First impressions of Jordan

I am sitting in the hotel cafe, where internet is free, waiting for a beer, while the England-Ukraine football game is being shown on an enormous screen. Sports announcers sound the same all over the world, no matter what language they are broadcasting in. The city of Amman is a sprawl of streets with no discernible pattern or order. It must be very difficult to learn one’s way around. There are hardly any traffic lights; the traffic just goes. Drivers cut each other off, push forward into lines of perpendicular traffic to get through intersections and rotaries (traffic circles, for you non-New Englanders), and generally do as they please. There are hardly any crosswalks; jaywalking skills are essential. It makes Israeli traffic look orderly.
The monarchy is a ubiquitous presence. Portraits of King Abdullah are everywhere, usually depicting him in military uniform or traditional robes. Also common are pictures showing the five Hashemite monarchs – the current king in the center surrounded by his ancestors.
Our two lectures today were excellent: one on the issues facing Jordan today vis-a-vis its various neighbors, and the other on its worsening water crisis. I knew that water was a serious issue here, of course, but I had no idea that this is the fourth-poorest country in the world in terms of water resources.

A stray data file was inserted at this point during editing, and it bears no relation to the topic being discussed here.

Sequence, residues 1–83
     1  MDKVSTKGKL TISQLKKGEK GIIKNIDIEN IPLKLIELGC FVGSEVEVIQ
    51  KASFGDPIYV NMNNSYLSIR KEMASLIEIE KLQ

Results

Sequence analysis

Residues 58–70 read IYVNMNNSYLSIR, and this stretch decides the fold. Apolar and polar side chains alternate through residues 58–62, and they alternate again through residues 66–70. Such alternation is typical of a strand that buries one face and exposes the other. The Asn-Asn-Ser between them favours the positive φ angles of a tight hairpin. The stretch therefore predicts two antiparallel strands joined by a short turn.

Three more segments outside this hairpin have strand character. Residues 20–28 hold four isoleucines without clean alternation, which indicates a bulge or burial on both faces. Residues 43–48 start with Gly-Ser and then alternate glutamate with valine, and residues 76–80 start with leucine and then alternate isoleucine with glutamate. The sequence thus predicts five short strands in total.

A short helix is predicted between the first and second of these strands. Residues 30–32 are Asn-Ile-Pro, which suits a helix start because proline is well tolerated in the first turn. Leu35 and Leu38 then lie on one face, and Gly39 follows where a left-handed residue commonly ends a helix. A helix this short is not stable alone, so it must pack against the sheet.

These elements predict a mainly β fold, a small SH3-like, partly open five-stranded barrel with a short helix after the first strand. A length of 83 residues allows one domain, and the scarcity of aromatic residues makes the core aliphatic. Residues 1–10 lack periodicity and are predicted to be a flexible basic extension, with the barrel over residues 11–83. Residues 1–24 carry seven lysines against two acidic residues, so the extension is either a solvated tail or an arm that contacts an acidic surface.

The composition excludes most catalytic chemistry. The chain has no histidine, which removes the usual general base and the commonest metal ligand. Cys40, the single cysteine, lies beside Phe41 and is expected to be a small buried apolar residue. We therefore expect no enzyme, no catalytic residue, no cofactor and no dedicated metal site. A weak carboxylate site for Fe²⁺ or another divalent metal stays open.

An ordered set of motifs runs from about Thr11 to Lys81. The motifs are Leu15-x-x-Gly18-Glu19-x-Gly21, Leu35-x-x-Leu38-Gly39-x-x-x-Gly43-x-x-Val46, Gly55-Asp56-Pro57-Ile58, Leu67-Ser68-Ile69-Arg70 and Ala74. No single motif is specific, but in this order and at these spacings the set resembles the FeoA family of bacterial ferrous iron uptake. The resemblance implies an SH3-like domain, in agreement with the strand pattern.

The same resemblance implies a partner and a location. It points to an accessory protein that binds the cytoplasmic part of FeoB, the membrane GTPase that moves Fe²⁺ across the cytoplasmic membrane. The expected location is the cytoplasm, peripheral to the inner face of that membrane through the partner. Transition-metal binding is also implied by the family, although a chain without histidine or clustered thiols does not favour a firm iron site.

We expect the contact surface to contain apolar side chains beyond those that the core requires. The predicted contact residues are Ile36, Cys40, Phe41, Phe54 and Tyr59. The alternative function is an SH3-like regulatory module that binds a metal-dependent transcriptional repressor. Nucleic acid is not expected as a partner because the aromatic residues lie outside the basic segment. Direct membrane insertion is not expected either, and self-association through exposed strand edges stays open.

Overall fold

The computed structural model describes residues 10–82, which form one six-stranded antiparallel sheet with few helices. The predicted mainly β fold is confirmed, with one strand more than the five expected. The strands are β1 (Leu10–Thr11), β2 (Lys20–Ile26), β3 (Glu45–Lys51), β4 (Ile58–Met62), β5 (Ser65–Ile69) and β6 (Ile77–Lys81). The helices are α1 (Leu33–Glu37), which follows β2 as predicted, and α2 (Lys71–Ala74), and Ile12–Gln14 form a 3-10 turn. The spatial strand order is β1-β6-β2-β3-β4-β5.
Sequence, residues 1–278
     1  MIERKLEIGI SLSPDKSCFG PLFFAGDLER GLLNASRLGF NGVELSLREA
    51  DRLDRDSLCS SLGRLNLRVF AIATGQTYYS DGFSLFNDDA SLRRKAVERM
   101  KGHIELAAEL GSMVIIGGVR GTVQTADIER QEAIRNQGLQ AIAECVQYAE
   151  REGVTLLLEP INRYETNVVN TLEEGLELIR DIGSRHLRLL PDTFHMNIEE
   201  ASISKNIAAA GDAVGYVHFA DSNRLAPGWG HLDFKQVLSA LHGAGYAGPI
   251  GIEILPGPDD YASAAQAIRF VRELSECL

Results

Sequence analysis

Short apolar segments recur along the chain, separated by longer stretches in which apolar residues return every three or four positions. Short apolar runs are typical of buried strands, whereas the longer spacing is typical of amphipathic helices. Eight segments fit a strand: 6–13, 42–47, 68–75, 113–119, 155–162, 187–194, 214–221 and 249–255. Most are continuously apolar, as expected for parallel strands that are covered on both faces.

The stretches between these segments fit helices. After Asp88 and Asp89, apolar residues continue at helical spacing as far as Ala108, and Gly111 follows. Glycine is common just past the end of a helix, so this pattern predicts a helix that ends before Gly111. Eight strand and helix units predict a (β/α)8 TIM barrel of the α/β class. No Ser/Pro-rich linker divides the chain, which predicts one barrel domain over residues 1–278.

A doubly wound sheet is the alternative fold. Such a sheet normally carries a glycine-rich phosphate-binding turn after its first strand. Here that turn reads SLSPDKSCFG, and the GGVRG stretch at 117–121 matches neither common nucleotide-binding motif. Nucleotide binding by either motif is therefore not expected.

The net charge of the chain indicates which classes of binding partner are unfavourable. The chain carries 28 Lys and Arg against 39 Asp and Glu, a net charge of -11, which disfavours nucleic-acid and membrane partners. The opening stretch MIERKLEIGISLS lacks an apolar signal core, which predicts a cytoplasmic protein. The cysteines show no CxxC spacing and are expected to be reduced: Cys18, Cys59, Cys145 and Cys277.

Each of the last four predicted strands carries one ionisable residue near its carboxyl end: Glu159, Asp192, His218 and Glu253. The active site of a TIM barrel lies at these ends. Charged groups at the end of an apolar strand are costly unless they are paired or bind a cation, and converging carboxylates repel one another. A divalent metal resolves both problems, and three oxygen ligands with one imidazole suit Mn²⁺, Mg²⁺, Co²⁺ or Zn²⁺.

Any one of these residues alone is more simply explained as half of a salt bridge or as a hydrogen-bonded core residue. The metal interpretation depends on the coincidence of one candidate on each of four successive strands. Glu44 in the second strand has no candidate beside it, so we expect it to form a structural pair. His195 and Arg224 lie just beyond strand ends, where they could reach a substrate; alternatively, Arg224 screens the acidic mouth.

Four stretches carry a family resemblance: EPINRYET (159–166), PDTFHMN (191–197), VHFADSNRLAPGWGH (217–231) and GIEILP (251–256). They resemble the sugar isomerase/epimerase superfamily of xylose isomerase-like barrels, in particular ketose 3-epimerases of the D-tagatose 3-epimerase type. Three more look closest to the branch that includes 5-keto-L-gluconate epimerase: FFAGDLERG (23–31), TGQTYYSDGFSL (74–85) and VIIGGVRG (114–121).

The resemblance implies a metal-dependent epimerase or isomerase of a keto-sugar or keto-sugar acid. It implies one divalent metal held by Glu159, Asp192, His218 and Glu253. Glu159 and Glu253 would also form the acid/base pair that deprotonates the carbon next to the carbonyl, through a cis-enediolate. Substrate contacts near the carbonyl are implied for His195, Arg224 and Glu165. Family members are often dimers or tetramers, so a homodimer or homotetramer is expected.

Our afternoon excursion took us to the city’s two main archaeological sites: a Roman amphitheatre with seating for 7000, and the Citadel, a hilltop on which there were fortifications, temples, and palaces at least as long as Jerusalem has been in existence. (Amman is the “Rabbat Ammon” mentioned a number of times in the Hebrew Bible.)
Someone else will doubtless talk about the two incredible meals we had today. I hope we will not eat like this every day, or I will require an extra airline seat for myself on the return trip.

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4 Responses to First impressions of Jordan

  1. Mark Wilson says:

    Hello Joan! When you say the Jordanian system “makes Israeli traffic look orderly”, that says something! Glad it is all going well. I look forward to learning more about the politics and culture from you and our colleagues. (And the food. Go ahead and tease me with how good it is.)

  2. jfriedman says:

    Hello, Mark! I hear the surgery went well. I’m glad. OK, you asked for it. The food is INCREDIBLE. Yesterday both lunch and dinner were Lebanese mezzes, with a very wide assortment of salads, baba, hummus, grape leaves, tomato salads, labneh, olives, pickled beets and cucumbers, a smoked spicy goat cheese, and finely chopped raw beef (which I did not eat). Then came the grilled beef, chicken, and fish, of which I can say that the fish was delicious. Then came fruit and knafeh for dessert, accompanied by a tiny amount of Arabic coffee with cardamom, and then coffee or tea as we wanted.

  3. Mark Wilson says:

    Except for the pickled beets and cucumber … and the raw beef! … this sounds heavenly, Joan! I had to look up “knafeh”: Arab cheese pastry soaked in sweet syrup. Yumm!

  4. jfriedman says:

    Mark, I wish we could bring you a doggie bag!

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